Demographic Transition Model

What is the Demographic

Transition Model (DTM)?

• The demographic transition model explains the transformation of countries from having high birth and death rates to low birth and death rates.

• In developed countries this transition began in the

18th century and continues today.

• Less developed countries began the transition later and many are still in earlier stages of the model.

Task One 10 minutes

• Make a copy of the DTM in your books, across a double page.

• Make sure you add appropriate labels/detail.

Stage One

Birth Rate and Death rate are both high. Population growth is slow and fluctuating.

Birth Rate is high because of:

Death Rate is high because of:

• Lack of family planning

• High Infant Mortality Rate: putting babies in the 'bank'

• Need for workers in agriculture

• Religious beliefs

• Children as economic assets

Typical of Britain in the 18th century and the Least

Economically Developed

Countries (LEDC's) today.

• High levels of disease

• Famine

• Lack of clean water and sanitation

• Lack of health care

• War

• Competition for food from predators such as rats

• Lack of education

Stage Two

Birth Rate remains high. Death Rate is falling. Population begins to rise steadily.

Death Rate is falling as a result of:

• Improved health care (e.g. Smallpox Vaccine)

• Improved Hygiene (Water for drinking boiled)

• Improved sanitation

• Improved food production and storage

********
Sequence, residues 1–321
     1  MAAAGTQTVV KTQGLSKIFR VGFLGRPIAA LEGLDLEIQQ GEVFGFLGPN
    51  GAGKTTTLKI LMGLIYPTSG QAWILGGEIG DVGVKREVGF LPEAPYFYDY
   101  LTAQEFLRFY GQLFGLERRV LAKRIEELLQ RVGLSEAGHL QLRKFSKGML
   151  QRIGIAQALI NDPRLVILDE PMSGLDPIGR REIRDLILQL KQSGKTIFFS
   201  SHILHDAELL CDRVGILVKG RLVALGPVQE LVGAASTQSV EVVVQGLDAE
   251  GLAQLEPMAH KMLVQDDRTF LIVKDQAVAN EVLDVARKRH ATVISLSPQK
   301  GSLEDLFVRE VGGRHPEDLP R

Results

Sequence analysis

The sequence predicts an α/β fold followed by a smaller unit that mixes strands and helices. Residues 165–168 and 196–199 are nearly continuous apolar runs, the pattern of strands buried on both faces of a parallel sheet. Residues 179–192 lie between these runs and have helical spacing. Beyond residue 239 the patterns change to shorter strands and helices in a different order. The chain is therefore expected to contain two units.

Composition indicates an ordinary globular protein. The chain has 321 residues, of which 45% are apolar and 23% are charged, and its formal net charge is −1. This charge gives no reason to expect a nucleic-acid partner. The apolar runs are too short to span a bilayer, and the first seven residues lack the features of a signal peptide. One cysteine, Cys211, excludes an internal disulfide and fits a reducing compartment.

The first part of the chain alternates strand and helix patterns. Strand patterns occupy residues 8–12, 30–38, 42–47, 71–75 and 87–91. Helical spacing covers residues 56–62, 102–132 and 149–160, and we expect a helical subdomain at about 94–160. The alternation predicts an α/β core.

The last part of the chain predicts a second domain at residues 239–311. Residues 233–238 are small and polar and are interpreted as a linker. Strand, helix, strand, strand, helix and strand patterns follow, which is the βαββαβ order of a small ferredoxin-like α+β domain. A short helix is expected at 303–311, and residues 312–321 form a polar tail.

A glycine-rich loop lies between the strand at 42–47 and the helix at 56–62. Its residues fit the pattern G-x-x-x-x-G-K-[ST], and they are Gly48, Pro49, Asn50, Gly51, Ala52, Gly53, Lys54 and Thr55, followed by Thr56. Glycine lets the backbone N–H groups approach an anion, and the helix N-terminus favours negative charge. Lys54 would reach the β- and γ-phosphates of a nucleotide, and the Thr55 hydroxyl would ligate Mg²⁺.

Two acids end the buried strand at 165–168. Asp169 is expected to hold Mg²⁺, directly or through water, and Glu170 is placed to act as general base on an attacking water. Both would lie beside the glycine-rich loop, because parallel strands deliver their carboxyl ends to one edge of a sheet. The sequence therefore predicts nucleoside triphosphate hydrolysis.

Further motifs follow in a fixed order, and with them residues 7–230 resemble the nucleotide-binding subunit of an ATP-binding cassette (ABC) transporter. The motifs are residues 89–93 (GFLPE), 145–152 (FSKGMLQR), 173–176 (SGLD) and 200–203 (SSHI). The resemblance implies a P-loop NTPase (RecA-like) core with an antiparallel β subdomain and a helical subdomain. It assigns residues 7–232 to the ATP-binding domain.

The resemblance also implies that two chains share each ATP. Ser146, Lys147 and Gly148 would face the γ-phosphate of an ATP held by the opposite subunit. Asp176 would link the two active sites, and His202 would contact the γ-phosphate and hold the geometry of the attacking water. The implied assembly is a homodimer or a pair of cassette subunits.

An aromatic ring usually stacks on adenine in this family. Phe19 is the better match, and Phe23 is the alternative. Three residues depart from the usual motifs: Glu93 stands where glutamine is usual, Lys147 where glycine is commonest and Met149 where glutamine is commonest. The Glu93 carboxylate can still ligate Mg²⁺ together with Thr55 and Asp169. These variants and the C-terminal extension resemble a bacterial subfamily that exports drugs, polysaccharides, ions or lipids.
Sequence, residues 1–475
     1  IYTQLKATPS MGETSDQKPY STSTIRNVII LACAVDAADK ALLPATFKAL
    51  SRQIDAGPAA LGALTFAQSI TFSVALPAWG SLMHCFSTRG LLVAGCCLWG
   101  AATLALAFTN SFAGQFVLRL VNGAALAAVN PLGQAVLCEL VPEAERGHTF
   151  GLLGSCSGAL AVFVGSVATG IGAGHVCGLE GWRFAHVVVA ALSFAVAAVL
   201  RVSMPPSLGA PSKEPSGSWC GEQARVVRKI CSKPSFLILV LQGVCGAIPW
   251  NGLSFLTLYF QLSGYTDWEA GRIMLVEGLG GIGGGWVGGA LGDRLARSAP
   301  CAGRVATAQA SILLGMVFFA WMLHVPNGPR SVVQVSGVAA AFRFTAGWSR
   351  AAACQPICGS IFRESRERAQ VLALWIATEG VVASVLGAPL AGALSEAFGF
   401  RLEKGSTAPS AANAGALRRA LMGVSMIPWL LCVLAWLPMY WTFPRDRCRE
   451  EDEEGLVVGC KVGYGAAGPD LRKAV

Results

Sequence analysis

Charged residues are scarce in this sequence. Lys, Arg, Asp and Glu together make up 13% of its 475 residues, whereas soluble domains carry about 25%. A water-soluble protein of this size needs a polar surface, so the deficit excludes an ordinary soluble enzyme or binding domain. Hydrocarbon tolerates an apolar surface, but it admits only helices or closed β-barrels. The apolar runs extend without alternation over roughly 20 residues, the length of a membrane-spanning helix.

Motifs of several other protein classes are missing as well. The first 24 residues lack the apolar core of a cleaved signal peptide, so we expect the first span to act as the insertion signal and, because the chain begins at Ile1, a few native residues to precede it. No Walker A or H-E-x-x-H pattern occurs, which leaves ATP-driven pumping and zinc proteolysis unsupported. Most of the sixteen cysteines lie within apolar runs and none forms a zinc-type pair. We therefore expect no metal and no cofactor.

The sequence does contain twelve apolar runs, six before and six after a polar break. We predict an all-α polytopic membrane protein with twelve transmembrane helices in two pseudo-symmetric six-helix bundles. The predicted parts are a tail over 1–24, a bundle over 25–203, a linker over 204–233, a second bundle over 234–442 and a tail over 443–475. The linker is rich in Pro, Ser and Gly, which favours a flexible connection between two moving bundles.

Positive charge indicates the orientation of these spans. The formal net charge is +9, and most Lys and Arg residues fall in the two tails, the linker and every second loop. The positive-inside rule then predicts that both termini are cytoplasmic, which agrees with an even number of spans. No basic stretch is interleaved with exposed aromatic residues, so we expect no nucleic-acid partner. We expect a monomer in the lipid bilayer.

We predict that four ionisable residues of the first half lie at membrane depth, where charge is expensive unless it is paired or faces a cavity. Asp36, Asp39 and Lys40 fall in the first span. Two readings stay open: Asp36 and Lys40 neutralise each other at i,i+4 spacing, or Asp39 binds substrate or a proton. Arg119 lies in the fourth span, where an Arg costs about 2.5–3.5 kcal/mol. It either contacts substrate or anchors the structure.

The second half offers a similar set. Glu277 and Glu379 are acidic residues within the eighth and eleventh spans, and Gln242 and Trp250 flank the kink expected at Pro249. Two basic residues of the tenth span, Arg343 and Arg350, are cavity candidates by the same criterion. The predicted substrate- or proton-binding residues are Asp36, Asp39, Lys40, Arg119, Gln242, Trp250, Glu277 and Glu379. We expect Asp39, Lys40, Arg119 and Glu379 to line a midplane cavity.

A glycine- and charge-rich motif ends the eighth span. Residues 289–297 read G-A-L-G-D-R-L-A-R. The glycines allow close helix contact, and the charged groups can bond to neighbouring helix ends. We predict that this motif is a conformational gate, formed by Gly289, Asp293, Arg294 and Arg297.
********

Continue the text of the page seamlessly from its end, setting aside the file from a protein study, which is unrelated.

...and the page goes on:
• Improved transport for food

• Decreased Infant Mortality Rates

Typical of Britain in 19th century;

Bangladesh; Nigeria

Stage Three

Birth Rate starts to fall. Death Rate continues to fall. Population rising.

Reasons behind birth and death rate falling:

• Family planning available

• Lower Infant Mortality Rate

• Increased mechanization reduces need for workers

• Increased standard of living

• Changing status of women

Typical of Britain in late 19th and early 20th century;

China; Brazil

Stage Four

• Birth Rate is low.

• Death Rate is low.

• Population steady.

Typical of USA; Sweden;

Japan; Britain

Stage Five

Reasons for changes in birth rate:

• Family planning

• Better health

• Later marriages

• Improved status of women

Typical of Germany

• Birth Rate slight fall.

• Death Rate stable.

• Natural increase: gentle decrease

Reasons for changes in death rate:

• Good health care

• Reliable food supply

• People are generally living longer

What are the limitations?

What limitations do you think there could be with the model?

• It does not include the influences of migration

• It assumes that all countries will go through the same pattern

• There is no time scale

• Reasons for birth rates and death rates are very different in different countries


• Using the textbook (page 234/5 ) add notes to each stage of the Demographic Transition


• Make sure you understand why the birth and death rate line is where it is at .

(E.g. why has the death rate fallen in stage 2, but the birth rate still remain high?)

To finish…



You are about to watch a clip on the DTM.

It will summarise what we have learnt today.

Towards the end is a quick quiz.

Write the answers in your book.


• Complete the worksheet.

• Most questions can be completed on the worksheet – others need to be written on lined paper.